The story so far: Earlier this month, the Supreme Court announced that it would examine whether minor girls, as young as 15 years, can marry on the basis of custom or personal law when such marriages are considered an offence in statutory law. The legal age for marriage is 18 years for women and 21 years for men. Marriage below this age is considered to be child marriage, and hence an offence. In 2017, the Supreme Court ruled that sexual intercourse by a man with his wife, who is below 18 years, is rape, reading down Exception 2 to Section 375 (rape) of the Indian Penal Code which allowed the husband of a girl child — between 15 and 18 years of age — to have non-consensual sex with her.
What is the Supreme Court looking at?
On January 13, the Supreme Court said it would examine whether girls as young as 15 years old can enter into wedlock if their personal law allows it. A Bench led by Chief Justice of India D.Y. Chandrachud issued a formal notice on a petition filed by the National Commission for Protection of Child Rights (NCPCR) against a recent order of the Punjab and Haryana High Court that said a girl, on attaining puberty or the age of 15 years and above, could be married on the basis of Muslim personal law, irrespective of the provisions of the Protection of Children from Sexual Offences (POCSO) Act, 2012. The Supreme Court said the High Court order would not act as a judicial precedent for other courts. The NCPCR argued that when girls as young as 14 and 15 are being married off, a plea of personal law and custom cannot be used when the POCSO Act and the Indian Penal Code make such marriages an offence. The Supreme Court has also appealed to Parliament to lower the age of consent under the POCSO Act and the IPC which set it at 18 years, thus criminalising all adolescent consensual sexual activity. Last December, the government told Parliament that it does not plan to do that yet.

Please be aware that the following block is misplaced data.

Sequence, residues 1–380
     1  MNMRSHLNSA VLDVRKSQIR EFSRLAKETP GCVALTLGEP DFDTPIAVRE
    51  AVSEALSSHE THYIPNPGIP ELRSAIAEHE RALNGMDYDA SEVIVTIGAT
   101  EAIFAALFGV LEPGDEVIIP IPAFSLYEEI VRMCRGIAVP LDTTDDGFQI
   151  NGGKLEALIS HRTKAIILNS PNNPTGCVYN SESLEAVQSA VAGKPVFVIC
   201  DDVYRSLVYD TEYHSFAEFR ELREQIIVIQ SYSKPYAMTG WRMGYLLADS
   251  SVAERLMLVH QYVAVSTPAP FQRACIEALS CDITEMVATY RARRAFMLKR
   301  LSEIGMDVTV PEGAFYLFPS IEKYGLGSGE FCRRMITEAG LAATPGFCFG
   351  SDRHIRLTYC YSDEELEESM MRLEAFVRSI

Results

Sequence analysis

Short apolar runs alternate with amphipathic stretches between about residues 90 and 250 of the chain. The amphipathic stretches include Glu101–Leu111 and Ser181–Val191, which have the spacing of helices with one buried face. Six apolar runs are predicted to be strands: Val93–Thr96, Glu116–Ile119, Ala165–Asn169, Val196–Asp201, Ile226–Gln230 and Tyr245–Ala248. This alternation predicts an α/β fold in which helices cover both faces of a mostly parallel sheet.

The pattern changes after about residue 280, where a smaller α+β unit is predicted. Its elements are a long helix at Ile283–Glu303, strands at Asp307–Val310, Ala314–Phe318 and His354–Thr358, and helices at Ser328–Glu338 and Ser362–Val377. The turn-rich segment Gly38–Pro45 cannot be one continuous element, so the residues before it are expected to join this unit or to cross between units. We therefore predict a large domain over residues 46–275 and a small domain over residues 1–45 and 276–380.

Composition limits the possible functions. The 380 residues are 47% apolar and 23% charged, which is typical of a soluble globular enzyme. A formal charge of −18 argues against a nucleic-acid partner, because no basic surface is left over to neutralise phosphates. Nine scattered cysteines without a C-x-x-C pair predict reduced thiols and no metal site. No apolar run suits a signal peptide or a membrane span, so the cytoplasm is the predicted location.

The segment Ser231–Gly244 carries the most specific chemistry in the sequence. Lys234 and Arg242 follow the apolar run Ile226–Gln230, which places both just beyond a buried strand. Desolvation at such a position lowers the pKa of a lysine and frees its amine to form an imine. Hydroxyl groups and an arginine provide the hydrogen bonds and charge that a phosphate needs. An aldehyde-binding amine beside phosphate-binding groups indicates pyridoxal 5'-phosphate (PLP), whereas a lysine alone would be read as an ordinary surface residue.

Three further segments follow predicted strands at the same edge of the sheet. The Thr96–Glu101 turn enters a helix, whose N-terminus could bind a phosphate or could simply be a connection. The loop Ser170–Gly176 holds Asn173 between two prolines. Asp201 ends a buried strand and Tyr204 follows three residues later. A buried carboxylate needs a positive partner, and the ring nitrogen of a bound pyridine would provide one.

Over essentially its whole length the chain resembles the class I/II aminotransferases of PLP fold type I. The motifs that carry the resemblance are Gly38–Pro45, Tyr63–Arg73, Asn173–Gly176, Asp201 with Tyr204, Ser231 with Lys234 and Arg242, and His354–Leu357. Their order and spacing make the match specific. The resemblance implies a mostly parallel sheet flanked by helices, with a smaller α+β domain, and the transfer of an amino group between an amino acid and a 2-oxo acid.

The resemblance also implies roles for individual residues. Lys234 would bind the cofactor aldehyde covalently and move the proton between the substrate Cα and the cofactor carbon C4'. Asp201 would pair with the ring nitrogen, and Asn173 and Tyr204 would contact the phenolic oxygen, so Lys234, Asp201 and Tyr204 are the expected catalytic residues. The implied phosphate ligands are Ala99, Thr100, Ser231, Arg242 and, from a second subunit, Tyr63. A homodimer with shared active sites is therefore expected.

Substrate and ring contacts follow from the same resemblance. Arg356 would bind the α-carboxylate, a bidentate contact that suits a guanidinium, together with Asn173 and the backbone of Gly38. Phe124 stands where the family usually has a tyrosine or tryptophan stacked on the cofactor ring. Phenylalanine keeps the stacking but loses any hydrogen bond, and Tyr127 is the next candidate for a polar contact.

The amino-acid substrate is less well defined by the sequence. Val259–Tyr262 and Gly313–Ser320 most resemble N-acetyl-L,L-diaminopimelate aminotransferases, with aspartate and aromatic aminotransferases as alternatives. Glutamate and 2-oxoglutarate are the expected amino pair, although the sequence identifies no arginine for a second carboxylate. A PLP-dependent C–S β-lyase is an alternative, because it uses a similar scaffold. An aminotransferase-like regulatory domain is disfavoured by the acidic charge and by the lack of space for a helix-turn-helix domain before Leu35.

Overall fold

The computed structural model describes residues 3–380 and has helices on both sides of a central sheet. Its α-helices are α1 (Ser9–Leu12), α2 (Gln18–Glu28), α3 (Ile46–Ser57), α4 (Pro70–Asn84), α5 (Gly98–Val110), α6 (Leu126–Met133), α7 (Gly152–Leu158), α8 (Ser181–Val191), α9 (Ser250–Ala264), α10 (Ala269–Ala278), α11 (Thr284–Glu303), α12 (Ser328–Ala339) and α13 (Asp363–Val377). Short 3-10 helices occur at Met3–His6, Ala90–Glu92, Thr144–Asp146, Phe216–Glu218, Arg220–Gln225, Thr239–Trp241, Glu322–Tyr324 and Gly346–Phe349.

What are the various laws that govern marriage in India?
The Prohibition of Child Marriage (Amendment) Bill, 2021 has sought to amend the Prohibition of Child Marriage Act (PCMA), 2006, to increase the minimum age of marriage for women from 18 to 21 years. In December 2021, it was referred to a parliamentary standing committee for further deliberations, and it has already got three extensions to submit its report, the last being in October 2022.
Last December, the Supreme Court had asked the government to respond to another petition filed by the National Commission for Women (NCW) to make the minimum age of marriage for Muslim women on par with persons belonging to other faiths. The NCW, like the NCPCR, had raised the question whether personal law could override statutory provisions of the POCSO Act and other laws. The NCW petition stated that under the Indian Christian Marriage Act, 1872, Parsi Marriage and Divorce Act, 1936, Special Marriage Act, 1954 and Hindu Marriage Act, 1955, the minimum age of marriage for a man is 21 years and for a woman it is 18 years. “However, under the Muslim personal law in India, persons who have attained puberty are eligible to get married i.e. on attaining the age of 15 years, while they are still minor,” it said.
What has the Assam government decreed?